James Shepherd, who is both the town's mayor and director of the Magoffin County Health Department, bemoans his county's 44% vaccination rate: "In a small community like this, they make up their mind 'yes' or 'no,' and that's it." What will it take to boost vaccinations? "A miracle," he says, with an exasperated laugh.
Deaths of friends change some minds, but not others, as delta spreads
Shepherd's close friend Carter Conley, the beloved captain of the county rescue squad, died last month of COVID-19, despite being vaccinated. Conley's death has been deeply felt around town, but also has given fuel to those who see vaccination as pointless.
Doubts about the vaccines' effectiveness extend to nursing homes in Kentucky despite the persistent correlations between nursing home outbreaks and low vaccination rates among staff.
On a mid-September weekday in Danville, a small city southwest of Lexington, residents at the Landmark of Danville Rehabilitation and Nursing Center sat on a quaint covered porch playing a game of 20 questions with the activities staff. At the time, 80% of the patients in the facility were fully vaccinated against COVID-19, according to the Centers for Medicare & Medicaid, but only 28% of the center's health care personnel, who dashed out and back at lunchtime ferrying takeout fast food, had gotten their shots.
A short drive away, the city's other nursing home, the Danville Centre for Health and Rehabilitation, also had a staff vaccination rate of 28% in September, according to federal records. (A month later, staff vaccination rates at both facilities are still below 60%.)
The unprotected workforce did not faze one man who was moving his elderly father into Landmark that day. The man, who works as a registered nurse at the local hospital, and a family friend accompanying him did not want to give their names, but both said they doubt the vaccines' efficacy.
The man's parents were vaccinated in March but fell ill with COVID-19 in August, he said. His mother was put on a ventilator and died; his father was still in the hospital recovering, and would soon be moved to the nursing home.
The facility's low staff vaccination rate is "not necessarily pertinent," the man said, since his father would be receiving "end-of-life care." His companion said she personally knew four people who had died of COVID-19 and that two had been vaccinated and two had not. These cases, she said, "don't get reported because they don't fit the narrative." (The CDC estimates unvaccinated people are at least 11 times more likely to die from a COVID-19 infection.)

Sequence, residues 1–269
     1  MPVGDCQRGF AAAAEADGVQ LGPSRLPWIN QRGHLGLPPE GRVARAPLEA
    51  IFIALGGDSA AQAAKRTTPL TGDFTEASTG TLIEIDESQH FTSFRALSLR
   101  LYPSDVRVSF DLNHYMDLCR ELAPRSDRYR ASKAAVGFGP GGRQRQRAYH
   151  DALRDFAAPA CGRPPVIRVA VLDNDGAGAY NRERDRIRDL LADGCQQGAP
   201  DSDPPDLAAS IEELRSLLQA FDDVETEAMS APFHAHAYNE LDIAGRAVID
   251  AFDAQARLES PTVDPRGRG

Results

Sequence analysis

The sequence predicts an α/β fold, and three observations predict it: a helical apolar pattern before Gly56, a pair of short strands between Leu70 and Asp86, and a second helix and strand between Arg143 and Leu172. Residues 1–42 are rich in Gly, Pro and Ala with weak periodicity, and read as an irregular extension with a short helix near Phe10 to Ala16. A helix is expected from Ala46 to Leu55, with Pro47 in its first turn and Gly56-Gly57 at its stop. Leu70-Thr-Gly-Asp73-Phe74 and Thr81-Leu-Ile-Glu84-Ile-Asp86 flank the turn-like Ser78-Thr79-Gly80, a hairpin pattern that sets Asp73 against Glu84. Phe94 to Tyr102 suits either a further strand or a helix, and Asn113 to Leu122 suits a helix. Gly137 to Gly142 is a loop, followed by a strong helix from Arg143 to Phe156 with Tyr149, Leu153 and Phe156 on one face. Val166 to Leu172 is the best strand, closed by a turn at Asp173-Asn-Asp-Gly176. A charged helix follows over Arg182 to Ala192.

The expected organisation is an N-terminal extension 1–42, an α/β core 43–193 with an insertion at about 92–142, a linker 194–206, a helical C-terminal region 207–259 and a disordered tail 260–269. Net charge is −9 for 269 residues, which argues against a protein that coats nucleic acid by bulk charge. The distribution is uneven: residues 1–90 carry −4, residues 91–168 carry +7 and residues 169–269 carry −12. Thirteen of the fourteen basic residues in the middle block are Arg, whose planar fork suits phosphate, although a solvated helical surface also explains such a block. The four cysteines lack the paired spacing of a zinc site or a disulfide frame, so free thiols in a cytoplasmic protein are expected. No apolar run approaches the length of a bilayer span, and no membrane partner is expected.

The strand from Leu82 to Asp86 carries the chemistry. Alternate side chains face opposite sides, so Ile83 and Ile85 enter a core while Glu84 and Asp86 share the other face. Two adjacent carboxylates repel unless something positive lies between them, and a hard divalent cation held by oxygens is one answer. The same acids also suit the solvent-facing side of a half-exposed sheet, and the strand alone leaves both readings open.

Standing on the porch amid festive fall decorations, Landmark's administrator, Cindy Hollins, declined to discuss what might account for her staff's low uptake and politely asked a reporter to leave.
A different approach: "The safest nursing home in the state of Kentucky"
In Louisa, Ky., three hours east of Danville, McKenzie believes the high rates of vaccination among residents and staff at his Jordan Center will be a selling point. "I advertise I'm the safest nursing home in the state of Kentucky to live and work in," he says.
McKenzie and his sister lived in the nursing home as kids; their parents opened the home and couldn't find another house to rent when the town was overflowing with coal miners. He learned to play piano from a resident, by then down a few fingers from diabetes, who had once played in Duke Ellington's band.
Last winter, COVID-19 ravaged the nursing home for months, infecting nearly every resident. An employee's 33-year-old daughter, who didn't want the vaccine, was buried in early September; then a former employee, who had quit to work at a hospital that didn't require vaccination, died.
"I'm not mean about it. I say, 'I really don't want you to be on a vent and die.' "
As soon as vaccines became available, McKenzie and his staff went room to room, explaining the science to residents. Only one family refused. Then he gathered the staff, many shaken by the loss of residents, who included family members and friends.
Now, nearly every resident of the Jordan Center is vaccinated with three shots, and the staff vaccination rate hovers at 85%. But the holdouts keep McKenzie on edge.
"I sat over here on this front porch until 2 o'clock in the morning talking to two of the nurses that don't want to vaccinate," McKenzie says. "One has been here for 37 years and the other for 15 years. They're dug in. They're adamant."
Testing staff members who refuse to get vaccinated falls to Misty Robertson, a registered nurse who has worked at the facility for decades. She views every interaction as a chance to educate her co-workers about why they should get the shot. "I'm not mean about it," she says. "I say, 'I really don't want you to be on a vent and die.' "
Robertson's father, who lived at the Jordan Center, died of COVID-19 in January. Most of her family is vaccinated, including her three children and her husband, who works at Walmart. The exception is her twin sister, a receptionist for a local pediatrician. That sister tells Robertson COVID-19 is fake and "it's all because of Biden."
"I get mad," says Robertson. She vehemently disputes the conspiracy theories circulating through the town's social networks. And she admits, with a sour laugh, that she sometimes goes too far. "I was put in Facebook jail."
McKenzie's public stance in favor of vaccination has made him a pariah in some quarters, too. A customer attacked him at Walmart and threatened to wait for him in the parking lot. The darkened mood has carved the town into opposing camps, and McKenzie worries Biden's vaccine mandates will just stiffen that divide.
Certainly, they are proving too much for some of his nursing home staffers. Many of the unvaccinated workers at the Jordan Center are on the same shift, and McKenzie fears he may lose his entire night crew.
"They told me Sunday night they were going to leave health care and work at Tractor Supply," he says, "where they can make more money per hour."
This story comes to us from Kaiser Health News, a national, editorially independent program of the Kaiser Family Foundation. KHN is not affiliated with Kaiser Permanente.